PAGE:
Acquisition/Investment vs. Bootstrapping

entrepreneurship ycombinator

Fri Aug 15 12:41:00 -0700 2008

Everyone loves a good flamewar between opinionated, respected internet personalities. So like everyone else, I pulled up my chair and got out the popcorn when Paul Graham and David Heinemeier Hansson started going at it. Watching these titans hurl boulders at each other is guaranteed to be a good show.

It’s particularly relevant to me because these two guys have probably contributed more thought leadership to my current venture than any non-founder. Heroku is a Rails deployment platform, so the Rails Way (aka the David Way) runs deep throughout our technology design. And since our company is Y Combinator backed, we got three months worth of Paul-Graham-direct-IV-drip-to-the-brain during our company’s infancy. When these guys disagree intensely, that’s pretty interesting to me.

The summary, in case you haven’t been following it: PG says that investment and acquisition paths let founders focus on their strengths, which is innovating technology products in high-risk markets. DHH says that “made to flip” companies are shallow, unsustainable, and inherently riskier than sustainable profit-oriented businesses.

Having done three 37signals-style consulting-bootstrapped ventures, and one Y Combinator and VC-backed venture, I’m in a unique position to compare the two. It’s hard to separate out the variables - naturally my later ventures have done better than my earlier ones, since I have more experience and wisdom about business - but off the cuff, I’d have to say that being investment-backed is a lot better.

For starters, there’s being able to take a paycheck during the development cycle of the product, instead of limping by with the distraction of client work.

But maybe more importantly is the sanity check. When you’re doing your own thing, you have very little feedback on whether your path makes sense. You’ve got users/customers, sure. But for any random thing you might build, you’ll always be able to find some weirdos that want it, and maybe are even willing to pay for it. Whether those people represent the vanguard of a sustainable customer base, or whether they are a niche too tiny to build a real business on, is impossible to tell early on.

But convincing investors of the viability of your idea - enough to place a monetary wager on it - provides early confirmation that you’re on a viable path. It may even provide some course-corrective feedback. This is why VC-backed companies tend to get more respect than non, all other things being equal. A firm whose sole purpose is predicting technology trends believes that there is a reasonable chance that this company’s product will be the next big thing.

As for the acquisition path, it seems to me that this is just a matter of economic efficiency. Founders are best at innovating new solutions, totally from scratch, in environment of maximum freedom. Big companies are good at managing proven technologies and growing them into larger markets and making them sustainable long term. Both of these things are incredibly valuable; in fact, each would be nearly worthless without the other. Why not assign each task to the type of person and organization best suited to do it? That’s what the startup acquisition path does.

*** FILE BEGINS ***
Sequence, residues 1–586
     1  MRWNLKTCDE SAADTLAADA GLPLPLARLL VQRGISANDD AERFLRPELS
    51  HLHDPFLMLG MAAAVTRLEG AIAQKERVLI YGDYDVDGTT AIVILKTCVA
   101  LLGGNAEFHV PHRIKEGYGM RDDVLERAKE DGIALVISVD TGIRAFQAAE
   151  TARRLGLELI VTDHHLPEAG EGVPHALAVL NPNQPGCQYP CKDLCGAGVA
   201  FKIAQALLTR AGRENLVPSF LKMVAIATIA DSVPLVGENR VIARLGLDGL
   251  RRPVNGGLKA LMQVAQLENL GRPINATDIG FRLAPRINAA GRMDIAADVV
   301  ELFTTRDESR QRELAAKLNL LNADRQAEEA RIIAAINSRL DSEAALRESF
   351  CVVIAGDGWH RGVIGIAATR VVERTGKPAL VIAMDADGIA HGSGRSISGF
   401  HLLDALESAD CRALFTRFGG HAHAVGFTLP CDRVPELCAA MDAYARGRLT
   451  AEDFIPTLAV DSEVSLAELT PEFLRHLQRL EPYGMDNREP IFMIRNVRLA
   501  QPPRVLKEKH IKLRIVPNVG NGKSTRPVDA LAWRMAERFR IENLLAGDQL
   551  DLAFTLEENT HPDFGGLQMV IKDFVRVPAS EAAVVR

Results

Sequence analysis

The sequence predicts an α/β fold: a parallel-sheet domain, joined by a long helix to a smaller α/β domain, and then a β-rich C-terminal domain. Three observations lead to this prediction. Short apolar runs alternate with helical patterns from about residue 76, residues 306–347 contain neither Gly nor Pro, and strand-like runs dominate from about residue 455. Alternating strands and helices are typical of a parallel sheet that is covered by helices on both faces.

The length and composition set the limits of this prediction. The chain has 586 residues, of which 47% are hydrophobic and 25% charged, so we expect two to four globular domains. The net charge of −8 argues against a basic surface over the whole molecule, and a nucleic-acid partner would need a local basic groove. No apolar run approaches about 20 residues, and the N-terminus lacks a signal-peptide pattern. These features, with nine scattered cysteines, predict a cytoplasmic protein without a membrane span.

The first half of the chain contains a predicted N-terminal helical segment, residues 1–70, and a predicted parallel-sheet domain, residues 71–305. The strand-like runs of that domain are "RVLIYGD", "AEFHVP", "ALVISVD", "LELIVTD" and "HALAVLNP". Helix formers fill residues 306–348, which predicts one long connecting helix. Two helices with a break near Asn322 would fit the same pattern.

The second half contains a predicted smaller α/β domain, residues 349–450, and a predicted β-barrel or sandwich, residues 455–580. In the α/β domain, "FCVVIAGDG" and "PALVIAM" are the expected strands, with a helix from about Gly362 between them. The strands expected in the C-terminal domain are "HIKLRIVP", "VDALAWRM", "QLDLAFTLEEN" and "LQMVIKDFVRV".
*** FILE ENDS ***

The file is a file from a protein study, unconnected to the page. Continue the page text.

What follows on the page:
Another way to decide the best path for yourself is to look at your personality type. Geoffrey Moore’s Crossing the Chasm (which is the best book on business I’ve ever read, and I’ve read a lot of them; if you haven’t read it yet, drop everything and go buy it now) describes two personality types relevant to business: pioneers, and settlers.

Pioneers are all about the early chaos. Forging a path from nothing. Limited resources, risk, experiment - that’s what gets their blood pumping. Like the pioneers who struck out across the American west, they’re rugged individualists who feel caged in in structured environments. Successful startup founders are almost always pioneer personality types.

Settlers like consistency, routine, solidarity. They derive satisfaction in taking a proven product to the next level of success. Taking a known problem and improving its efficiency, bringing it to a wider audience, building process and infrastructure to make it sustainable long term. The people who do well in established companies are almost always settler personality types.

Settlers are uncomfortable in the early chaos of a startup, and their presence would be likely to damage its chances of success. In this environment they become wet blankets, stifling innovation and the necessary experimentation that it arises out of.

And pioneers are uncomfortable in the structured environment of an established business, and their presence is almost always destructive to its long-term success. In this environment they become loose canons, rattling cages and disrupting efficient processes to fulfill their personal craving for dynamism.

So getting investment, going full bore on a risky product for a few years, and then getting acquired and moving on to the next startup is perfect for pioneers.

Whereas building a more predictable, less groundbreaking product in a known market, with steady long-term profit potential and full ownership and control, is a route more suited to settlers.

Both personality types are vital to a healthy business and to a healthy society. The trick is to know which one you are, and put yourself in the right environment, where your natural tendencies will be an asset instead of a disruptive force.